Paper No. 7-3
Presentation Time: 8:30 AM-5:00 PM
NEW ARTHROPOD SITES IN THE MUD HILLS: MIOCENE BARSTOW FORMATION, CALIFORNIA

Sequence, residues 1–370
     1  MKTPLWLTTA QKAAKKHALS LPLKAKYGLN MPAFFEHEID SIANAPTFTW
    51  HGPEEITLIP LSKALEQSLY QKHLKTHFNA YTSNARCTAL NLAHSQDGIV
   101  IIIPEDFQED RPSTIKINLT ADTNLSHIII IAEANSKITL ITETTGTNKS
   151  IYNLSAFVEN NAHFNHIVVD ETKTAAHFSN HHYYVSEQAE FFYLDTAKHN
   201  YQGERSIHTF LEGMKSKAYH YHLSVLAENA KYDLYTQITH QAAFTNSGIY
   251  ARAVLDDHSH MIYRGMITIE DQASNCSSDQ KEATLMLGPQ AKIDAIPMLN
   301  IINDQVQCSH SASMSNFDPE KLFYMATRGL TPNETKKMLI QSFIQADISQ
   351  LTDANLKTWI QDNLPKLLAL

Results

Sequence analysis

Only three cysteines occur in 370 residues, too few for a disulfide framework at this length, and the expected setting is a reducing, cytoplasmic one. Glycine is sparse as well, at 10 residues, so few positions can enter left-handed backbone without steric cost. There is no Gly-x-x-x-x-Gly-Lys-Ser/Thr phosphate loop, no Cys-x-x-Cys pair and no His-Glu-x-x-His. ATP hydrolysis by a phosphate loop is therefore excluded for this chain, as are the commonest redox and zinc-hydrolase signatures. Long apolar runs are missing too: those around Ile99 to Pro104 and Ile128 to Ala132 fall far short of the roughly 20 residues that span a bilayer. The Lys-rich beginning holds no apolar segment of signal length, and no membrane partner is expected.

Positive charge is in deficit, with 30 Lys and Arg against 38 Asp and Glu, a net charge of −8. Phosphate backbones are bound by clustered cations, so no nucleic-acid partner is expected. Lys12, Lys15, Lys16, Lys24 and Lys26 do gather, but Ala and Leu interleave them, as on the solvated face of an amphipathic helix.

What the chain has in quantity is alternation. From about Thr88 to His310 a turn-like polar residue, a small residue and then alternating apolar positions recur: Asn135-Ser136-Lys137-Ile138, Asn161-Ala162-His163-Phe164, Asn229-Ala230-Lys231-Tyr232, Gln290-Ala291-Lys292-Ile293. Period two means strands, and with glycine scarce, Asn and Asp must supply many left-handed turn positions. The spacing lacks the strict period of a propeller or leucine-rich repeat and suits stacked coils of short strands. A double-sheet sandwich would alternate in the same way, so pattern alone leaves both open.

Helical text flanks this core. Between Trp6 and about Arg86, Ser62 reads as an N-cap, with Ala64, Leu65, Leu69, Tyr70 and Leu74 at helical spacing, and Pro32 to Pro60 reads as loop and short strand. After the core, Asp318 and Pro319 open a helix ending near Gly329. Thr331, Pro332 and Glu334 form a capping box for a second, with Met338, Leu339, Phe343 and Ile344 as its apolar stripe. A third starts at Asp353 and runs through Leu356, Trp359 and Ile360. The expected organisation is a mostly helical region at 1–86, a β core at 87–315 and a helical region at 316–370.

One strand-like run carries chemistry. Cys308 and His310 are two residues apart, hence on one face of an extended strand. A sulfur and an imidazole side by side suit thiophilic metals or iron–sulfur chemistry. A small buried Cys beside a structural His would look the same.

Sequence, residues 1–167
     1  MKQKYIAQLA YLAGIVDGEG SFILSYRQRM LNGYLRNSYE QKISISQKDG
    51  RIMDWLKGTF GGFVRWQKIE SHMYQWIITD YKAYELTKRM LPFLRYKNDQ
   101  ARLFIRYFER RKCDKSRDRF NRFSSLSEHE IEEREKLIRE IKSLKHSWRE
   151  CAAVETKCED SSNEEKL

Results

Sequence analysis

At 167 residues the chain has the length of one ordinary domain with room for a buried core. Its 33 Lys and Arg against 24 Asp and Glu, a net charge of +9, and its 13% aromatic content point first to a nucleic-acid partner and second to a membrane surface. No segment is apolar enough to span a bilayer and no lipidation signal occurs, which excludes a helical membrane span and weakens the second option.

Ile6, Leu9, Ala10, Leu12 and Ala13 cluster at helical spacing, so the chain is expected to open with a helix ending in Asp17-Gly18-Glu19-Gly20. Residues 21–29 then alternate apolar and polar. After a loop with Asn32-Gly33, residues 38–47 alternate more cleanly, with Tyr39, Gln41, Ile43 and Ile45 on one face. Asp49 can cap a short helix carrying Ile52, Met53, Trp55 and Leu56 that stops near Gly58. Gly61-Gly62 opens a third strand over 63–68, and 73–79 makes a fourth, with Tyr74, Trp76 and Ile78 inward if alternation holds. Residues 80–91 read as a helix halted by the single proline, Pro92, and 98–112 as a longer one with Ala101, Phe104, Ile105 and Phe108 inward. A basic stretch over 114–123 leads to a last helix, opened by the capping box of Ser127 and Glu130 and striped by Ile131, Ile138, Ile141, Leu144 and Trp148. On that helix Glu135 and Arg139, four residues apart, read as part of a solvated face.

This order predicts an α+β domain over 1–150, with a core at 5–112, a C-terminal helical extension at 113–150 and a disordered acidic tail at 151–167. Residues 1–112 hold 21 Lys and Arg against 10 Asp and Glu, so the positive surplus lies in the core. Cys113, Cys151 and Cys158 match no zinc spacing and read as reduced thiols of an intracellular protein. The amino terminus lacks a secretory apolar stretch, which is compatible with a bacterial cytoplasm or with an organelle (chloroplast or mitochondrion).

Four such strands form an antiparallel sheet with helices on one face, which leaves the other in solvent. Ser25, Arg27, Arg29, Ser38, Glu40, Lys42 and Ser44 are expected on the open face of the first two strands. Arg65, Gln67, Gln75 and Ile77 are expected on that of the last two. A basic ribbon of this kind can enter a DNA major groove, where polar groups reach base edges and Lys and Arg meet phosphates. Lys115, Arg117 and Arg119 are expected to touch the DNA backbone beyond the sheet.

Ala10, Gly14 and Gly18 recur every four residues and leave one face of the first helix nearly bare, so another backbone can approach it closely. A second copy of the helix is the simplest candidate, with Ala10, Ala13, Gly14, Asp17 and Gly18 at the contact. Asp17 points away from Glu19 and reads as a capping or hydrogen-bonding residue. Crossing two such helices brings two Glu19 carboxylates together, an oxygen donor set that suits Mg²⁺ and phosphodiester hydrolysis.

Three-dimensional silicified arthropod fossils are well known from lacustrine sediments of the Middle Member of the Miocene Barstow Formation. The fossils were originally studied in the Calico Mountains, but recent reports demonstrate the occurrence of Barstow Formation arthropods in the Mud Hills and in Black Canyon. These three outcrops of the Barstow Formation have been faulted into disjunct relationships that are separated by up to 25 kilometers. The Black Canyon arthropods are similar in faunal composition to the arthropods from the Calico Mountains (primarily midge fly pupa, brine shrimp, water beetle larva), but the previously reported Mud Hills arthropods are primarily ostracods, cladocerans and copepods. The reason for this faunal difference is unknown. The new fossil sites in the Mud Hills demonstrate a faunal composition (midge fly adult, brine shrimp, water beetle larva) that is similar to the typical Calico Mountains and Black Canyon fauna. This similarity is important, because it supports the idea that the paleoenvironment was similar across the three disjunct locations (Calico Mountains, Black Canyon, Mud Hills). It is likely that Miocene Lake Calico had a broad aerial extent, and that the unique paleoenvironmental conditions required for three-dimensional arthropod preservation occurred across the entire basin. The new Mud Hills arthropod sites are located in the south limb of the Barstow syncline in Rainbow Canyon and Owl Canyon. They occur near the type section of the Barstow Formation and between two volcanic tuff marker beds: 1) the Rak Tuff (16.3 Ma) and 2) the Oreodont Tuff (15.8 Ma).